How Swimming Helps My Daughter Improve Her Strength and Balance

Swimming has become an important form of exercise for this teenager with LEMS

Lori Dunham avatar

by Lori Dunham |

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My children learned to swim at a young age. My husband and I have lived in warm climates for most of our marriage, so it was only natural to teach our children to swim to keep them safe during all of the water activities that were a part of our lives.

Our daughter Grace, who was diagnosed at age 14 with Lambert-Eaton myasthenic syndrome (LEMS), learned to swim when she was 2 1/2 years old. She loved the water and went swimming multiple times a week throughout her childhood. During her early teen years, she trained with members of a swim team to perfect her skills.

However, swimming was the first casualty after Grace’s LEMS diagnosis. Even though she was a strong swimmer, her confidence faded in her ability to stay afloat. With muscle weakness affecting both her core and her extremities, she lost the ability to swim.

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When life settled down after her diagnosis, we continued to visit the pool. Although Grace didn’t feel like she could swim, she loved being in the water. She was cautious, but she enjoyed walking in the pool, which enabled her to exercise without the fear of falling. Of course, we made sure she always had a strong swimmer by her side.

From leisure activity to exercise

Although swimming looks much different for Grace nowadays, we have been able to build that activity back into her life. I would still love the security of knowing she could swim in case of an emergency, but we appreciate the fact that she can continue with the activity. It does look different from before, though.

Prior to her diagnosis, swimming was more of a leisure activity. Now, it has become a valuable exercise that allows her to strengthen her muscles in a safe environment.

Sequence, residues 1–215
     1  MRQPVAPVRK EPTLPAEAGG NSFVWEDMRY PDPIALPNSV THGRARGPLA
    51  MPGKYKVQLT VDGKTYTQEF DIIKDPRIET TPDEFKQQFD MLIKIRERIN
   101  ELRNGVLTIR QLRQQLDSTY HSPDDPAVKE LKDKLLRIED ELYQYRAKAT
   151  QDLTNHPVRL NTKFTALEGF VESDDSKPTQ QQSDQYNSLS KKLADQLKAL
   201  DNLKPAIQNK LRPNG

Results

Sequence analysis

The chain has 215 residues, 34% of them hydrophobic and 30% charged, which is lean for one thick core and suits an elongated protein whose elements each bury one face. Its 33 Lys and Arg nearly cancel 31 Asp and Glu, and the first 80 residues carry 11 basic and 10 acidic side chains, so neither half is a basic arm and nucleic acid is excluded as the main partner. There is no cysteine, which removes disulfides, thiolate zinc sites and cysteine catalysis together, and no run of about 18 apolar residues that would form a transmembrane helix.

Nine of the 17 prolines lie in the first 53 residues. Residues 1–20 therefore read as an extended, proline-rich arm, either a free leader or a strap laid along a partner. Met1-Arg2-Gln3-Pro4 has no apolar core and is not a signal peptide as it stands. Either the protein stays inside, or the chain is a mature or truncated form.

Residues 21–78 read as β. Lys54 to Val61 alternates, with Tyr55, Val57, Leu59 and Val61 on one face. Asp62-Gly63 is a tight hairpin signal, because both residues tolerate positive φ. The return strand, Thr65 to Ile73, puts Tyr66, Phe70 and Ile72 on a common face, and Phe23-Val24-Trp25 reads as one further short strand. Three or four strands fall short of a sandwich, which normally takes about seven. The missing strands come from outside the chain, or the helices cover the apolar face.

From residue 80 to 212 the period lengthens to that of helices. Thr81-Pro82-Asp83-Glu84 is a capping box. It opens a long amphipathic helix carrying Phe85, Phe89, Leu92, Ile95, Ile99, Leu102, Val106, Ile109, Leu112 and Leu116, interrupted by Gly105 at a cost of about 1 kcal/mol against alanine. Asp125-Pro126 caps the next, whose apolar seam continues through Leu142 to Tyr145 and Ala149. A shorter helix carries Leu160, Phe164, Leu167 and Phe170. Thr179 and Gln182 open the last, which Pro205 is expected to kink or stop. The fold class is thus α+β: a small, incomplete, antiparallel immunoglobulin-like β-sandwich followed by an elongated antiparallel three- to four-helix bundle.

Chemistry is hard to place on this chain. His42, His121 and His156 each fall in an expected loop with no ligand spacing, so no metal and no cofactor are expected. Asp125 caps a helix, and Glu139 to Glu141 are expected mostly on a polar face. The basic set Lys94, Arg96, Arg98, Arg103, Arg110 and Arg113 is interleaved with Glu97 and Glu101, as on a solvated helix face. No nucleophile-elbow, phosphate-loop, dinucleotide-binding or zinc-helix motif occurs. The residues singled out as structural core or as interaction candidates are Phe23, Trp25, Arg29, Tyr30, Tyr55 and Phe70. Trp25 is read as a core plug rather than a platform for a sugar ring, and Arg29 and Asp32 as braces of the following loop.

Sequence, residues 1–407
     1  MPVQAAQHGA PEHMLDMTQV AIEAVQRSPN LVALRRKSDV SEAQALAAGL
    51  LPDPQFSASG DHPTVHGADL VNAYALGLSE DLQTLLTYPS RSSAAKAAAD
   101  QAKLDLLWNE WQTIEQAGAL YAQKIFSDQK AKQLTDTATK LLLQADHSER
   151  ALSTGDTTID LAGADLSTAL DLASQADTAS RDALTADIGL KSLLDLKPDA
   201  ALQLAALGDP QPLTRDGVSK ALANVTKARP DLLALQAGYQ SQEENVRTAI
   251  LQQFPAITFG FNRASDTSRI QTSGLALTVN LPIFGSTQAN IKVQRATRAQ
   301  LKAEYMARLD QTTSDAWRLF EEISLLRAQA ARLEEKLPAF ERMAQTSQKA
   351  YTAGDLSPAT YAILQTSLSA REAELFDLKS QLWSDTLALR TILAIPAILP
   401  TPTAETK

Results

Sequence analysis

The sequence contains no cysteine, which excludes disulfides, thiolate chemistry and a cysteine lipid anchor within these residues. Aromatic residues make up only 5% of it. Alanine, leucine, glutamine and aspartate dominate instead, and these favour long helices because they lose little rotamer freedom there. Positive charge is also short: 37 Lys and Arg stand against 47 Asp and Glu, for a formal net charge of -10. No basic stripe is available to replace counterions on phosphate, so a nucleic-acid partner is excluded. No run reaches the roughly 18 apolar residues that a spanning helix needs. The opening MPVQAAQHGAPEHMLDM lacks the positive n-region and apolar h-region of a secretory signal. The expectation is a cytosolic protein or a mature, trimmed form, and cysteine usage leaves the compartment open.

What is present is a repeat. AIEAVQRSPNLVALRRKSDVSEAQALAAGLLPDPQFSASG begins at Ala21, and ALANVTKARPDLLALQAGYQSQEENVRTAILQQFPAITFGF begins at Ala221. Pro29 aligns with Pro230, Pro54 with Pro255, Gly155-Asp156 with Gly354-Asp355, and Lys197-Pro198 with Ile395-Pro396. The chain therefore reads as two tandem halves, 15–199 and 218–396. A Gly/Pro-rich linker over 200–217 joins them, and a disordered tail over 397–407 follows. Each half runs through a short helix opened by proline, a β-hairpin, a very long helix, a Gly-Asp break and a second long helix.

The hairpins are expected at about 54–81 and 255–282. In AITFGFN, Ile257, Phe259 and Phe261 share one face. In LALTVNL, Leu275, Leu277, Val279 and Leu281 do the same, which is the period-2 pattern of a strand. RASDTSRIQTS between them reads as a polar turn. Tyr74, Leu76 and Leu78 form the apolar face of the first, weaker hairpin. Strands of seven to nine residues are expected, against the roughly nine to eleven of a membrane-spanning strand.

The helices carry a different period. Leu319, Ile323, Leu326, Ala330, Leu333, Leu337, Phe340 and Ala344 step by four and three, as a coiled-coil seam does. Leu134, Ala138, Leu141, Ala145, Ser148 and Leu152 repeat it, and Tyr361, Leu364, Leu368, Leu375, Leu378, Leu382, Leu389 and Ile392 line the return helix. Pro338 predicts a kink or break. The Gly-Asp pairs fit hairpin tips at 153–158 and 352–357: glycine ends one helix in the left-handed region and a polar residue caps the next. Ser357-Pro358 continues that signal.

Time spent in the pool builds Grace’s leg muscles as she kicks on a kickboard. It strengthens her arms as she practices different strokes in water that’s shallow enough for her to stand. It’s helped improve her balance as well.

Last, but certainly not least, swimming is one example of how Grace can still incorporate things she loves into her life while living with LEMS.

Are you able to swim with LEMS? What other activities look different after your diagnosis? Please share in the comments below. 

Note: Lambert-Eaton News is strictly a news and information website about the disease. It does not provide medical advice, diagnosis, or treatment. This content is not intended to be a substitute for professional medical advice, diagnosis, or treatment. Always seek the advice of your physician or other qualified health provider with any questions you may have regarding a medical condition. Never disregard professional medical advice or delay in seeking it because of something you have read on this website. The opinions expressed in this column are not those of Lambert-Eaton News or its parent company, BioNews, and are intended to spark discussion about issues pertaining to Lambert-Eaton myasthenia syndrome.


g m ledford avatar

g m ledford

i have lems day after modera first shot. in feb 2021 Any one else have this painful . experience. im 73 with no lung cancer. 9 months for diagnosis by nuellogoist. sorrym cannot type with stiff fingers
. taking firdasese..thanks for swimming post. i was river guide


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